I began a sermon series on Red-Letter Christianity last Sunday—“red-letter” being a reference to those Bibles that print the words of Jesus in red ink. There is a group of people who have taken to calling themselves “red-letter Christians” meaning that they follow these words of Jesus, particularly in regard to his concern for the poor and the marginalized. Inasmuch as Christians of every-color letter follow the words of Jesus, I thought it worthwhile to take another look at what he had to say, specifically in Mark’s gospel, if for no other reason than Mark is the earliest gospel and therefore a source for the others.
Last Sunday Jesus said “The time has come. The kingdom of God is near. Repent and believe the good news!” For Jesus’ original audience, Galilean Jews chafing under brutal Roman oppression, to hear that “the kingdom of God is near” could only mean that the kingdom of Rome was on the ropes. The prophet Daniel predicted as much. He foresaw that “a kingdom never to be destroyed that would crush all other kingdoms and bring them to an end.” Jews in Jesus’ day presumed this never-ending Kingdom to be Israel led by a reconstituted, glorious King David who would arrive to reign on the clouds of heaven. But here instead was this humble Jesus, standing on flat ground and not looking like much of a kingdom-crusher. He had no army. No political power. His weapon of victory was Rome’s weapon of humiliation. Rome used crosses to expose the futility of political resistance and to execute a sentence of death on rebels. But Jesus used the cross to expose the futility of Roman violence and execute a sentence of forgiveness on his crucifiers. Christ accepts rejection and injustice and responds with resurrection. He rules not through the shedding of his enemies’ blood, but by the shedding of his own. In this context, for Jesus to say repent was to call to conversion those who understood kingdom only in terms of ruling power. “If anyone would come after me,” Jesus would later say, “he must take up a cross.”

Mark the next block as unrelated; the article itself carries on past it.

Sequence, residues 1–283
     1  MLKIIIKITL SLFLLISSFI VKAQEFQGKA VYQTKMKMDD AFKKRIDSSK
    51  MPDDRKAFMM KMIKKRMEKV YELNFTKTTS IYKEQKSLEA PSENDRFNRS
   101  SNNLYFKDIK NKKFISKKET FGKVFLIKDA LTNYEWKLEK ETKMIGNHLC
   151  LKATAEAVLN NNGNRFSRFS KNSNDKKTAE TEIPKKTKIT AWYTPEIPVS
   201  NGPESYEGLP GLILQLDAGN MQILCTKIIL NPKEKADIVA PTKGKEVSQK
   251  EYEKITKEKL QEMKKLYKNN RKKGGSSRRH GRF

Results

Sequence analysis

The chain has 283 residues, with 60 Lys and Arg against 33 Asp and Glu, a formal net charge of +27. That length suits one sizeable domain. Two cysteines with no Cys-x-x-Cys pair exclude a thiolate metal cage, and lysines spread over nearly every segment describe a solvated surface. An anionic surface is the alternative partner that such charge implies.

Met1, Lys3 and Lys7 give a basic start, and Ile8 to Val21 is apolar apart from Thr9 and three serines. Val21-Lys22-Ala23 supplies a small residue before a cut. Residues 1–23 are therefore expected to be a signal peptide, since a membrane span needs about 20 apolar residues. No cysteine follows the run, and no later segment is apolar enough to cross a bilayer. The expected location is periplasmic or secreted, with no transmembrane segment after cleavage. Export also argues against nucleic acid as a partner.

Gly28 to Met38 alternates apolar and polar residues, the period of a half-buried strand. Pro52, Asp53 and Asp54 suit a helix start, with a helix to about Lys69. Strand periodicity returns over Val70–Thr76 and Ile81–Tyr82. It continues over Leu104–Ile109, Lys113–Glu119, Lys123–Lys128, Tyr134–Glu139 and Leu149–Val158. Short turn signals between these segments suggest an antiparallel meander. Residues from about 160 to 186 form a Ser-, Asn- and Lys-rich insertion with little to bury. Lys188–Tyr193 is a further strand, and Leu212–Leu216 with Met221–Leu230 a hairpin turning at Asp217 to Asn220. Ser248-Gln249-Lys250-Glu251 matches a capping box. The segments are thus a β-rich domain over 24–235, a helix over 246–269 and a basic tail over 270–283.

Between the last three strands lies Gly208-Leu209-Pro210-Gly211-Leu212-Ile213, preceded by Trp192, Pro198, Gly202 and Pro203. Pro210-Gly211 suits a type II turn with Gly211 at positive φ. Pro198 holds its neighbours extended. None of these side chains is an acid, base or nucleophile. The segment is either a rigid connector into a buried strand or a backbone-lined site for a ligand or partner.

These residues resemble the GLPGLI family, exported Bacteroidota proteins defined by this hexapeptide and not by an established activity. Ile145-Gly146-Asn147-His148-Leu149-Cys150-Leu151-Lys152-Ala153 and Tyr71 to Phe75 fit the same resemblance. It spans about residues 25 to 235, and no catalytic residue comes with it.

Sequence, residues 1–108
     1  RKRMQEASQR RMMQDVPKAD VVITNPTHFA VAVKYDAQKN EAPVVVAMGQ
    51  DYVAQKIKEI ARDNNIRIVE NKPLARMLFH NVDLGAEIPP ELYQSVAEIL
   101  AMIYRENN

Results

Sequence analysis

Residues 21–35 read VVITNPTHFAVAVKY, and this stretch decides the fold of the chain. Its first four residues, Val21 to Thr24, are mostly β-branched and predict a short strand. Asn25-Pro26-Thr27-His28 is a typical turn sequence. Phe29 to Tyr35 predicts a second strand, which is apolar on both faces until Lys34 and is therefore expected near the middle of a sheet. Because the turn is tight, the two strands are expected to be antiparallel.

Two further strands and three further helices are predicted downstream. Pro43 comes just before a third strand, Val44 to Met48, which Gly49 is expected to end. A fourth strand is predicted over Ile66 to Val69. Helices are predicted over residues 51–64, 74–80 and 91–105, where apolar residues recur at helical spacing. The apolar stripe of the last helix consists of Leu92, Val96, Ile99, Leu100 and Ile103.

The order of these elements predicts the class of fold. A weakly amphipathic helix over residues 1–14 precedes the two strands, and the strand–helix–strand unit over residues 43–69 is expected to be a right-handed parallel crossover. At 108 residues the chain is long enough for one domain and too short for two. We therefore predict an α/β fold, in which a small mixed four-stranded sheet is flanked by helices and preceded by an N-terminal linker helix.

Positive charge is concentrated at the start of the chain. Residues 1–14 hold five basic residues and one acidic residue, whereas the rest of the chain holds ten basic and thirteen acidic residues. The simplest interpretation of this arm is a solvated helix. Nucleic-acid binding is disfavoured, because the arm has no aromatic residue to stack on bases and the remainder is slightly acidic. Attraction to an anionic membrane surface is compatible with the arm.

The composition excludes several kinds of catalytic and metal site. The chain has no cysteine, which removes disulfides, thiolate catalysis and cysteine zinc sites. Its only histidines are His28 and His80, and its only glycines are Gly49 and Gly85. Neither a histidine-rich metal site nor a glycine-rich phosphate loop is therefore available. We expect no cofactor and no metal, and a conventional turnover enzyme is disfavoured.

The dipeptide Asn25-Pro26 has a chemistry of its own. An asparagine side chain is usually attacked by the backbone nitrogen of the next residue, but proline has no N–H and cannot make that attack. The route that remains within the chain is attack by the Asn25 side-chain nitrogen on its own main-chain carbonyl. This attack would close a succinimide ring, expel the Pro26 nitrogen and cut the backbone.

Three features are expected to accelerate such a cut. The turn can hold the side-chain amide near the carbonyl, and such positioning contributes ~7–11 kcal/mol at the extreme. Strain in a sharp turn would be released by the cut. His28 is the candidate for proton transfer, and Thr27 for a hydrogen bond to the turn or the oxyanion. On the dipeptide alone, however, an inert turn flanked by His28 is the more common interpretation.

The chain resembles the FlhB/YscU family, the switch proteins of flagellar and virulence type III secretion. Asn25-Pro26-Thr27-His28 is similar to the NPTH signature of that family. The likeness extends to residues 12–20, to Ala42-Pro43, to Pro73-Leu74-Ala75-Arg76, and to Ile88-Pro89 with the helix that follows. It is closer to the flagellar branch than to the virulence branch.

However in tonight’s passage, Jesus invitation to follow is not yet about taking up a cross, but about dropping down your nets—both literally and metaphorically. Jesus invites four fishermen to drop their literal fishing nets and start dropping metaphorical nets on people. If you’ve been a Christian long, you likely dread sermons from this verse because they’re usually sermons about the E-word. Evangelism. Talking about your faith to non-Christian friends. Catching heathen for the kingdom. Granted, dropping a net on unbelieving and unsuspecting friends usually comes off more like dropping a bomb. I know that whenever I tell people I attend church, never mind that I work at one, the responses I get usually range from quizzical curiosity (you look normal) to outright hostility. Of course, Jesus did say that’s how it would be.
Though it is ironic that we would interpret this verse in terms of evangelism since to catch a fish is to kill it (taking for granted that first century fishing was not yet into fishing as sport). OK, so maybe I’m taking the metaphor too literally, but if you turn over to the red-letter verses in Matthew 13, you read Jesus saying that to catch fish means death for some of them. “The kingdom of God is like a net that was let down into the lake and caught all kinds of fish. When it was full, the fishermen pulled it up on the shore. Then they sat down and collected the good fish in baskets, but threw the bad away. This is how it will be at the end of the age. The angels will come and separate the wicked from the righteous and throw them into the fiery furnace, where there will be weeping and gnashing of teeth.”
So it’s not so ironic. Fishing is tied to death. To catch people is to snatch them from death, from the grill fires of hell. Believe in Jesus and stay out of that fiery furnace. But then you turn to the Old Testament prophet Jeremiah, from whence Jesus likely got his fishing allusion, and there you read that the bad people getting caught aren’t heathen unbelievers, but the chosen people themselves. In Jeremiah 16, God says through the prophet regarding his own people, “I will send many enemies who will catch these people like fishermen. After that I will send others who will hunt them out like hunters from all the mountains, all the hills, and the crevices in the rocks. For I see everything they do. Their wicked ways are not hidden from me. Their sin is not hidden away where I cannot see it. Before I restore them I will punish them in full for their sins and the wrongs they have done. For they have polluted my land with the lifeless statues of their disgusting idols.”